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Re: One socket per AF (Was: 6to4 using ::FFFF:0000:0000/96...)
Christian Huitema wrote :
In the different view, letting applications to have only one socket
interface is *simpler* than obliging them to know whether the IP
layer works in IPv4 or IPv6.
We can debate whether that is in fact simpler.
In this instance, that sems useful.
Most "simple programming" is achieved using high level constructs
such as RPC or Web interfaces. The fraction of programs written on
the "socket" API tend to be written by sophisticated developers who
like "bare to the metal" constructs.
In my view, that's legitimate.
But IMO conformance to RFC 2353 sec 3.7 doesn't make dual stacks less
"bare to the metal"
But even if a single listening was a goal,
In my reading of RFC 2335-3.7, this *was* a goal, and a good one.
it can be achieved without messing with address format,
Listening for an address without being concerned with the remote host
being IPv6 or IPv4 only, as RFC 2353-3.7 permits, was IMO not "messing
with address formats".
Permitting to express a 32 bit address in a 128 bit format was IMO a
good and natural decision.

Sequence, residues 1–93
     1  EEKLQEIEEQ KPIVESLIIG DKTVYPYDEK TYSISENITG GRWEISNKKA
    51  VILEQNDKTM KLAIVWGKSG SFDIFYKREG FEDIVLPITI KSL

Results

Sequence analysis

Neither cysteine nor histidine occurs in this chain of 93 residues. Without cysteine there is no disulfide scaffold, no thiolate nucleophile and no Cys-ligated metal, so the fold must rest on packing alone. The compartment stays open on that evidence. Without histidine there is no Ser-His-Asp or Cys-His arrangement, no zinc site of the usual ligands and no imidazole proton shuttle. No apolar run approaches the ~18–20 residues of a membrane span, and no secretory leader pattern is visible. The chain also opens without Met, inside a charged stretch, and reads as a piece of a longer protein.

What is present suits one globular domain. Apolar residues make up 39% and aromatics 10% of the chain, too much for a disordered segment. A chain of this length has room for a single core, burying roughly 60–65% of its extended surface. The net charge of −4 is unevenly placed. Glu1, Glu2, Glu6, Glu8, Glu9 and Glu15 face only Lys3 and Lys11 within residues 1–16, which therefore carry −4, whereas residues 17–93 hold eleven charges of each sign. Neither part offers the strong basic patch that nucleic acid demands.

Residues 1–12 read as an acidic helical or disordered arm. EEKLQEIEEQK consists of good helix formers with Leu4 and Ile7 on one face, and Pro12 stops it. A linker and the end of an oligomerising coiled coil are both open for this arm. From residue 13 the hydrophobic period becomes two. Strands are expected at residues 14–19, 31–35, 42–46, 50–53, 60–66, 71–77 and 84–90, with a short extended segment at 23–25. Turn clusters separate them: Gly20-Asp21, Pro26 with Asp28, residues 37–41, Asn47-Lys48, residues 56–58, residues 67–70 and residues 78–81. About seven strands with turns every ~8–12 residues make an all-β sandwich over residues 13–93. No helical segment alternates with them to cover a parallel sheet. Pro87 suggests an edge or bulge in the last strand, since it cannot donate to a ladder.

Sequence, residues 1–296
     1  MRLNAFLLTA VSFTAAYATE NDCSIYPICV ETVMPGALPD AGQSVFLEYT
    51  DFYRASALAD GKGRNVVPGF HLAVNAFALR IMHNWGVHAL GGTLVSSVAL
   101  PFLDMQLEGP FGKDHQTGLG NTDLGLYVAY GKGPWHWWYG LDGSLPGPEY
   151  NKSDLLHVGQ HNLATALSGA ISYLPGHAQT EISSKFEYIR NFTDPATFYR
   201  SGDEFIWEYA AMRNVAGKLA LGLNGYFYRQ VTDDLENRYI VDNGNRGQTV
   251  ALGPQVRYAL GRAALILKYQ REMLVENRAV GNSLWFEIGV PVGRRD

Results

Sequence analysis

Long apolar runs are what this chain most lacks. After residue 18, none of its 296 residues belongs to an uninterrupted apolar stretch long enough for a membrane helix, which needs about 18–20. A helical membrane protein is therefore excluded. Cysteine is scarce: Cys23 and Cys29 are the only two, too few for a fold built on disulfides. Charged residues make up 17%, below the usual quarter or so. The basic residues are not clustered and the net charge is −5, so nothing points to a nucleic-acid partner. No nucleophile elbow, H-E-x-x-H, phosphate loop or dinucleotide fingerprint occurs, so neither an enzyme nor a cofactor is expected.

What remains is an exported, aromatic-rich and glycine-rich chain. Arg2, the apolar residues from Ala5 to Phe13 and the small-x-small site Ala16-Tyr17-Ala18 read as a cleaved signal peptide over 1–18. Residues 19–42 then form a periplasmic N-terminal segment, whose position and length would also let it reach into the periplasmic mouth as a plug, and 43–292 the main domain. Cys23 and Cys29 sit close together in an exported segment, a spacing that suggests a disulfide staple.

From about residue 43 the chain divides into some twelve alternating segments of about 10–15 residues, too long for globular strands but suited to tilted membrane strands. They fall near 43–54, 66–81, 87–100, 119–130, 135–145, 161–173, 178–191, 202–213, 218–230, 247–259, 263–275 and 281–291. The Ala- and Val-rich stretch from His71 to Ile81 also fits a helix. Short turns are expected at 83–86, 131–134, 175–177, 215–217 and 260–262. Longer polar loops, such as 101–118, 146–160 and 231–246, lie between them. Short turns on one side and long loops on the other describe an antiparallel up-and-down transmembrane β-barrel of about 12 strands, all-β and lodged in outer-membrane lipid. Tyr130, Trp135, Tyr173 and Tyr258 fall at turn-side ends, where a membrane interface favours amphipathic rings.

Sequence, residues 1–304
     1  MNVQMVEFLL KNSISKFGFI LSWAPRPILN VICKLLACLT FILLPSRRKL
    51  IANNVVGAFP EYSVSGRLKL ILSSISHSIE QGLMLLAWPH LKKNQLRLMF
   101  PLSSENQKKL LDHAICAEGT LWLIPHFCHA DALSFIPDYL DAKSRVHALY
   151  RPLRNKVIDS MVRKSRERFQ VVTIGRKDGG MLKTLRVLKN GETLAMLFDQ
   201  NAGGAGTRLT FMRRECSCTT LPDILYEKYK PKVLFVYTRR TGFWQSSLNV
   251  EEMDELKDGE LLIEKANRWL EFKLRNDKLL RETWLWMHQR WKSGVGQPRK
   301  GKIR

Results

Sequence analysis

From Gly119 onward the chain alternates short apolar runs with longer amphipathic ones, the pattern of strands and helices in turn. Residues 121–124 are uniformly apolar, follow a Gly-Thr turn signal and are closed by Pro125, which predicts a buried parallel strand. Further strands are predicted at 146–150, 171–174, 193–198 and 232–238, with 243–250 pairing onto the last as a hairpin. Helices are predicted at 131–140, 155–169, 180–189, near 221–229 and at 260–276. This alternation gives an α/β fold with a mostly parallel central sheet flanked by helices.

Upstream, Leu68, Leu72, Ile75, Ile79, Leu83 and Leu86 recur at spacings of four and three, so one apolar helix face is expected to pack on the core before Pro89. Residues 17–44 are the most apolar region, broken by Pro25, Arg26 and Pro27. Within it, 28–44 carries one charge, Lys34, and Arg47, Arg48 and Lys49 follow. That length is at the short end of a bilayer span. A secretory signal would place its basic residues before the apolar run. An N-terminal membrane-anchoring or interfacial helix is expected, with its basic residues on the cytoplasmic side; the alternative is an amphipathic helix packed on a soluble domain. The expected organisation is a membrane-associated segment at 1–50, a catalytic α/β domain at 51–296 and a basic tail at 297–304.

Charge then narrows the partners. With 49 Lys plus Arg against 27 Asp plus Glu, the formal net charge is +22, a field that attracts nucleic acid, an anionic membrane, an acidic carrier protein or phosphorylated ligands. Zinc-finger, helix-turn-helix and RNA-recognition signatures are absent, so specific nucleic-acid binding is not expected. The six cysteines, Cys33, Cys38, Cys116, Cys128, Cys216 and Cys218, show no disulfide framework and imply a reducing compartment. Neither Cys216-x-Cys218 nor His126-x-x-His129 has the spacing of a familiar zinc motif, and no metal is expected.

simply by avoiding early binding of the socket to a specific address
type, and then using specific addresses in their native formats
Yes it can work.
And applications that have this behavior can keep it, even if dual
stacks do conform to RFC 2353-3.7.
But they can hardly be considered as *IPv6-only*.
IPv6-only applications *do need* RFC 2353-3.7 dual stack conformance.
Deprecating mapped addresses would be a bad step backward, while
correcting RFC2535-3.7 conformance in dual stacks that don't conform
would be a good step forward.
I would have no adverse effect that I know on any existing application.
The bottom line would be that always:
- Server applications that have IPv4 sockets, or that have unspecified
address family sockets, will receive IPv4 addresses on them.
- Server applications that only have IPv6 sockets will receive IPv4
addresses on them, in mapped format.
- Client applications that have IPv6 sockets, and present on them remote
host addresses that are IPv4 mapped addresses will, without having to
tell more, activate their IPv4 stacks.
This seems to me the nice and simple logic we need.